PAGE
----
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MaMarnus v Mannings Marine Limited, Court of Appeal

8 November 2001
The issues

Vibration white finger – limitation

The facts

The Claimant appealed from the Recorder’s decision dismissing the appellants claim for personal injuries of the Trial of the preliminary issue on limitation.

He had vibration white finger.

Since 1968 he worked in the ship building industry. In June 1989 he worked for Mannings Marine Limited for 12 days and for another 14 days between 1989 and 1990. In September 1992 he presented a claim to the DSS for industrial disabilities benefit for a prescribed disease. i.e. VWF. In his form he mentioned the Defendant as a named employer. Because his application fell under the Trade Union and Employers Insurers Scheme it was handled through ADR and not Litigation. The Insurers to the Defendant concluded that it was not reasonable for him to claim for his employment with this Defendant as he had been employed for such a short time. In May 1993 he was told by a consultant who saw him for the purposes of his application that if he worked further he would become significantly worse.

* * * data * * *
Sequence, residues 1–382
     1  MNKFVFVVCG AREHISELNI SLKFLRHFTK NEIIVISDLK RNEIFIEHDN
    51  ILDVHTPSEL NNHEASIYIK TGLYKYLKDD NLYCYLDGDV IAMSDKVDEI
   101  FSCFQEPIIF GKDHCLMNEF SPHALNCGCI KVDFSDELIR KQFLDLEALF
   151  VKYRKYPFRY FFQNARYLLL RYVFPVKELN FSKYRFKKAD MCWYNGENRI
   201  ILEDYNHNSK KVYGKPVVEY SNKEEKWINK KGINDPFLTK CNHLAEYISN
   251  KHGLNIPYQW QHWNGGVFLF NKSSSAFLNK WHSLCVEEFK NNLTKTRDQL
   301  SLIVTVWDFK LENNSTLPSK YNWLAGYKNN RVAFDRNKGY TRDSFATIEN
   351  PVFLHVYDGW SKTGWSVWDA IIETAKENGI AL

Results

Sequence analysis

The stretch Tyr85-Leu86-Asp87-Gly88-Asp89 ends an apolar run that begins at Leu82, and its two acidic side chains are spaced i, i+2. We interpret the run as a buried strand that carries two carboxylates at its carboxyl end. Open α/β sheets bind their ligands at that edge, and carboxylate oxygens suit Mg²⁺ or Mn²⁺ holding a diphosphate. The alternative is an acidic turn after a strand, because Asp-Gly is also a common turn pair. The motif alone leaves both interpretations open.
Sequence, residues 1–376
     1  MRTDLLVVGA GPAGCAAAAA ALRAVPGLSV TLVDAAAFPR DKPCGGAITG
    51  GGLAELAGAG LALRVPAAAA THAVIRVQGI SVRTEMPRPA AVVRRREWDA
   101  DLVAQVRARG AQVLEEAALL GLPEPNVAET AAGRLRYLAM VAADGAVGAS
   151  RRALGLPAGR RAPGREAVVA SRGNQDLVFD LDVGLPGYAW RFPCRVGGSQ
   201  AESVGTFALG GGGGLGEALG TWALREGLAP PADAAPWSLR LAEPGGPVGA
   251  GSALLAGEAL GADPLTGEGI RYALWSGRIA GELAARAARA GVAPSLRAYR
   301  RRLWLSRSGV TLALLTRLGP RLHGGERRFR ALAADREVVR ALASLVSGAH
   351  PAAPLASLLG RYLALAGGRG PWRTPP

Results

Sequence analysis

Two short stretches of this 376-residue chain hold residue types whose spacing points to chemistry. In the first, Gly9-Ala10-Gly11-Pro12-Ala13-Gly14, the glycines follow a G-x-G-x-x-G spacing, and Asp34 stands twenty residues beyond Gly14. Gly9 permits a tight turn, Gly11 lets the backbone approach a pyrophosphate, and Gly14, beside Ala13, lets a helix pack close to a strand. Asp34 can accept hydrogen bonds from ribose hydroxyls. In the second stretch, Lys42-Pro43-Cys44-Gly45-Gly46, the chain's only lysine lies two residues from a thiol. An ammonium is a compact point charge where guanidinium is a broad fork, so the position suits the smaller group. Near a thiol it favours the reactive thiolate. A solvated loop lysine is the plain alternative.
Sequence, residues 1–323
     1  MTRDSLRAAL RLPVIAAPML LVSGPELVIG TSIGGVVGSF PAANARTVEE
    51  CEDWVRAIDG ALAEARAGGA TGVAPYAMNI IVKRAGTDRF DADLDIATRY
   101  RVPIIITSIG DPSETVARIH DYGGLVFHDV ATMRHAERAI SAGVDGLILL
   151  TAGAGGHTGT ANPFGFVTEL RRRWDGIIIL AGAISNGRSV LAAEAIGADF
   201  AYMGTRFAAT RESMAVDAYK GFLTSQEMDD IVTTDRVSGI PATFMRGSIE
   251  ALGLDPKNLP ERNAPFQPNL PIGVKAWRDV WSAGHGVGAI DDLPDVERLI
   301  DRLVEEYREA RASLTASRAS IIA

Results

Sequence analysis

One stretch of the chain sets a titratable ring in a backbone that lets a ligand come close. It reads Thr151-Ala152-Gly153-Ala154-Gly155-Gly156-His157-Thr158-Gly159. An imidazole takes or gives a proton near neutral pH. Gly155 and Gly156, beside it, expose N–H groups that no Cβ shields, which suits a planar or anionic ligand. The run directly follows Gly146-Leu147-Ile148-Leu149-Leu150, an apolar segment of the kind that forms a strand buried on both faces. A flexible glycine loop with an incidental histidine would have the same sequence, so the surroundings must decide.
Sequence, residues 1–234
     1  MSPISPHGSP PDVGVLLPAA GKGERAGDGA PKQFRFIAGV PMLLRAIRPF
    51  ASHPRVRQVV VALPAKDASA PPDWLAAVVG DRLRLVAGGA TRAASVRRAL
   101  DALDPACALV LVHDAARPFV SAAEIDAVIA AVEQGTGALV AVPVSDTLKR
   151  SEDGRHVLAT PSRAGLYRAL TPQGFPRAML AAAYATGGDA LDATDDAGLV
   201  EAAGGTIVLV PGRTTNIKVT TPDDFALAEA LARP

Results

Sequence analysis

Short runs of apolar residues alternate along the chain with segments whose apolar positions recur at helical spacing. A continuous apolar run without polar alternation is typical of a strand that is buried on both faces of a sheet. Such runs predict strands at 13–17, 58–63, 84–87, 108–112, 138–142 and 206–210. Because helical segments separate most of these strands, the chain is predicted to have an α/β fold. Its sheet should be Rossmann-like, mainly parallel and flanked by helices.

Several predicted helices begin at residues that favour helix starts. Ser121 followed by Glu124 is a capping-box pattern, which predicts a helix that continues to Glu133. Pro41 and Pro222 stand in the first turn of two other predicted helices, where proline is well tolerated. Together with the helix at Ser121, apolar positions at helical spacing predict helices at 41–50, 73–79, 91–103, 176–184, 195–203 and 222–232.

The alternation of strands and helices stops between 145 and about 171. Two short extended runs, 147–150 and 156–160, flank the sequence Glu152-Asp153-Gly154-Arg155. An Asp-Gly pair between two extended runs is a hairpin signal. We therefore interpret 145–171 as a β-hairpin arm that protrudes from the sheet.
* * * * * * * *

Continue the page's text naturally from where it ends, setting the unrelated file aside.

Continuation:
He continued to work. He worked for the Defendant again which in August 1993 to the end of November 1999. Whilst previously he had suffered VWF in two fingers in the left hand by now he suffered in all fingers and both thumbs. On the 2 December 1999 he issued proceedings.

The Judge found the relevant date of knowledge for the purposes of Section 14(1) of the Limitation Act 1980 was September 1992 at the latest. This was when he had made his application to the DSS and when he had named the Defendant as one of the named employers. The Judge refused to exercise his discretion to disapply under Section 33 of the Act and dismissed the claim.

The decision

1. The Claimants claim was not for the injury which he suffered in the period before 1993, but the exacerbation of the claim since then.

2. Section 14.1 of the 1980 Act should be read alongside Section 11. When Section 14 referred to “the injury in question” it meant the injury for which the action was brought

3. He should have asked at what date the Claimant knew the exacerbated injury was significant. He had failed to make any findings as to that. Accordingly Appeal allowed and limitation to be remitted to be considered at the Trial of the main claim.

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The content on this page is provided for the purposes of general interest and information. It contains only brief summaries of aspects of the subject matter and does not provide comprehensive statements of the law. It does not constitute legal advice and does not provide a substitute for it.

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